In a lot of civil cases, settling the matter is pretty straightforward. The parties will work out mutually agreeable terms, someone will prepare a written settlement agreement, and barring exceptional circumstances, the court will accept the settlement and dismiss the case. FLSA cases — and settlements — are a bit different and somewhat more complicated. There is a wider array of situations where, even if the parties have genuinely agreed, the court may reject a settlement. Working with a knowledgeable Atlanta wage and hour lawyer can enhance your odds of avoiding this kind of money and time-consuming situation.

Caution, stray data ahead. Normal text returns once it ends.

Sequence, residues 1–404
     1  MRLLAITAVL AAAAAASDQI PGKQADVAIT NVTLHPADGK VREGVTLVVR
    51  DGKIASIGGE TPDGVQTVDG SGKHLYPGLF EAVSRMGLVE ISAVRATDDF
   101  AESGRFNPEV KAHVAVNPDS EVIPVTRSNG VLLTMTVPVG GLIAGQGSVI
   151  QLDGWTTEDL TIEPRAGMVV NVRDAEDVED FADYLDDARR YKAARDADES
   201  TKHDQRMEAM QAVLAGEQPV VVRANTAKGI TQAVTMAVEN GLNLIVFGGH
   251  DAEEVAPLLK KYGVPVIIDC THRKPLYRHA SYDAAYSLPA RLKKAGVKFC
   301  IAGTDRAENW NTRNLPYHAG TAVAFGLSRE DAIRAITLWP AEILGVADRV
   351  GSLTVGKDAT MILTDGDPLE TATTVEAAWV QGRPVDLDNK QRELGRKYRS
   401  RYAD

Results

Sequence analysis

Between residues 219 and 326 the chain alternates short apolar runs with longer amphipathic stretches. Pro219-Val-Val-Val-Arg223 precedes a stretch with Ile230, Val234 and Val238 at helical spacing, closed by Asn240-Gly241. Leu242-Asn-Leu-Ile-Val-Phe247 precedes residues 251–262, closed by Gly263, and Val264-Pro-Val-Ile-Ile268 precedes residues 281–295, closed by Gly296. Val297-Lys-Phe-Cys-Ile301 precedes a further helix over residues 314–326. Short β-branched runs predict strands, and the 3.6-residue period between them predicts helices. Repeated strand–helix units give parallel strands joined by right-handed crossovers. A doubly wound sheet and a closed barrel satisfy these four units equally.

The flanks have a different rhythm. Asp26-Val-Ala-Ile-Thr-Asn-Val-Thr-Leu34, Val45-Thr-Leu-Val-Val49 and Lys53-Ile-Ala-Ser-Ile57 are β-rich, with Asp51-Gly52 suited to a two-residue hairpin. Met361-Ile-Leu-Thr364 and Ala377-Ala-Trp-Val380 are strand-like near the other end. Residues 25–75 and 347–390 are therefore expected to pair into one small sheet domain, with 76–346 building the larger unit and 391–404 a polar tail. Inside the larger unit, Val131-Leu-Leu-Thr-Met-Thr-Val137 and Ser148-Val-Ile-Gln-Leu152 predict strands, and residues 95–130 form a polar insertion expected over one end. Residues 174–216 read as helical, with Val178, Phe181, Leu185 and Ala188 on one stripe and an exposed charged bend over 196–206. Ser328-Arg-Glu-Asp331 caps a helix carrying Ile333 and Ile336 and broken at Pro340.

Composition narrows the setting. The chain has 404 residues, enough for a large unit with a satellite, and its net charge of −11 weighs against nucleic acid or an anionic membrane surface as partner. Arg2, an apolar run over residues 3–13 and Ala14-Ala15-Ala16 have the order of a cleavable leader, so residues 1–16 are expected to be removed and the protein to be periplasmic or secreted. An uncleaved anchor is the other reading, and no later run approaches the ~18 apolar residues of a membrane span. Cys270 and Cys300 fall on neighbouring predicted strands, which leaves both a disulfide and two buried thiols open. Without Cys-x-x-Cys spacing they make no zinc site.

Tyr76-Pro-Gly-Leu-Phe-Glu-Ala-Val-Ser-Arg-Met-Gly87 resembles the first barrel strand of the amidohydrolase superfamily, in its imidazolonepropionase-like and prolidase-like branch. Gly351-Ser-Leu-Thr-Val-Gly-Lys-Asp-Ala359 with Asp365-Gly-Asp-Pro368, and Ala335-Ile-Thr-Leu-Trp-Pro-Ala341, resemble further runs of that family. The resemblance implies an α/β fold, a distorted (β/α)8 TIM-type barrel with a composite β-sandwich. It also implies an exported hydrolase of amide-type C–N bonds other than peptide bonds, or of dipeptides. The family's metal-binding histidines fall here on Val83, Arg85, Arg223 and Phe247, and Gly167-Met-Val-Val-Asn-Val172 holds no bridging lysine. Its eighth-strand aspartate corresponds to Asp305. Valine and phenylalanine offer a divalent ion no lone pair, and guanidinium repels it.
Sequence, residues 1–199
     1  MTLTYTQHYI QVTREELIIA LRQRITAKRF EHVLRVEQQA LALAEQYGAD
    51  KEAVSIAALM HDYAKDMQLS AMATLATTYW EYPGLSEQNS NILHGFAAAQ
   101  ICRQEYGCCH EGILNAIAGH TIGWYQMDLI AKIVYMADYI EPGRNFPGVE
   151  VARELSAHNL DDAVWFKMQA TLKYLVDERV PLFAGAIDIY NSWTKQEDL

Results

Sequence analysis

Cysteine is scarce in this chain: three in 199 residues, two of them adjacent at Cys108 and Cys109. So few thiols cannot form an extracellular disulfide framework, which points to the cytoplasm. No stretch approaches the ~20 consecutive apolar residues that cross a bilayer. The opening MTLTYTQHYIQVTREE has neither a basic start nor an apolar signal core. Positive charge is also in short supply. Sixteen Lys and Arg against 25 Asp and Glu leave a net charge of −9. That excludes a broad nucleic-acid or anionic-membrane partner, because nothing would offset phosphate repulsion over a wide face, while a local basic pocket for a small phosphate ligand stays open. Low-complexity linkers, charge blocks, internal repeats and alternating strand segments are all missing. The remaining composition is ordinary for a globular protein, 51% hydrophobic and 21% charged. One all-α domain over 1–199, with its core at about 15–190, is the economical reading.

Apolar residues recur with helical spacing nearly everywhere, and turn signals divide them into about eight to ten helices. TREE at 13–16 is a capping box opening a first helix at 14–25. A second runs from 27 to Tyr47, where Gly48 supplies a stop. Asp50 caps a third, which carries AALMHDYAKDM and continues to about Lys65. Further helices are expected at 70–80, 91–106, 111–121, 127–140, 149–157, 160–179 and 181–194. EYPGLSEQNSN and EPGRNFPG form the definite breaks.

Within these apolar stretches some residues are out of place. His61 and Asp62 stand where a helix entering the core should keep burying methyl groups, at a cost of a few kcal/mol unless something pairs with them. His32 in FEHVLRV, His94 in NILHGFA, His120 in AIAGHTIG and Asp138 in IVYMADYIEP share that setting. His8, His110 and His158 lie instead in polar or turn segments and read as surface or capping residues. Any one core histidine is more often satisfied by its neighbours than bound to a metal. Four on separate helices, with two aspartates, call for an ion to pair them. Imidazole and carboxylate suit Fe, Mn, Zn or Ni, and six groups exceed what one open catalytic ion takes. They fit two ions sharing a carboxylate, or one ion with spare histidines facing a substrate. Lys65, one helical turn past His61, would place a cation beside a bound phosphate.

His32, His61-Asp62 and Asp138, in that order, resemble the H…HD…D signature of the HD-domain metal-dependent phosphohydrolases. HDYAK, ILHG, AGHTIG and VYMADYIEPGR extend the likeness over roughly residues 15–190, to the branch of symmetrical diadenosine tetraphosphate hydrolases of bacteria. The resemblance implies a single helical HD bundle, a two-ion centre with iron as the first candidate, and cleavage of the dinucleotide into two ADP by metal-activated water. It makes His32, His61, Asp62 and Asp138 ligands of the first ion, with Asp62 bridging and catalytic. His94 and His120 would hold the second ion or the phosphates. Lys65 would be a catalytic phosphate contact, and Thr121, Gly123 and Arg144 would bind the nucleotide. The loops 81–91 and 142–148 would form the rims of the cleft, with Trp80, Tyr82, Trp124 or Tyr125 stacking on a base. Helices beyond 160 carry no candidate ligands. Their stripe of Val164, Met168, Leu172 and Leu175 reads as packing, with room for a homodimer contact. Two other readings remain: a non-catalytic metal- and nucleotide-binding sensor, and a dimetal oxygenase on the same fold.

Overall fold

When parties to a FLSA case filed in a federal court in Georgia, Florida, or Alabama seek to settle, they must comply with what the 11th Circuit Court of Appeals wrote in the 1982 case of Lynn’s Food Stores, Inc. v. United States. The Lynn’s Food ruling says that any acceptable settlement must be a “fair and reasonable resolution of a bona fide dispute over FLSA issues.”
One example of a settlement executed correctly comes from the federal court in Orlando, Florida. The employee was a handyman who worked for a local social services organization for two years and two months. During that time, the handyman allegedly worked more than 40 hours a week on several occasions. Despite this, the employer never paid him overtime compensation, according to his complaint.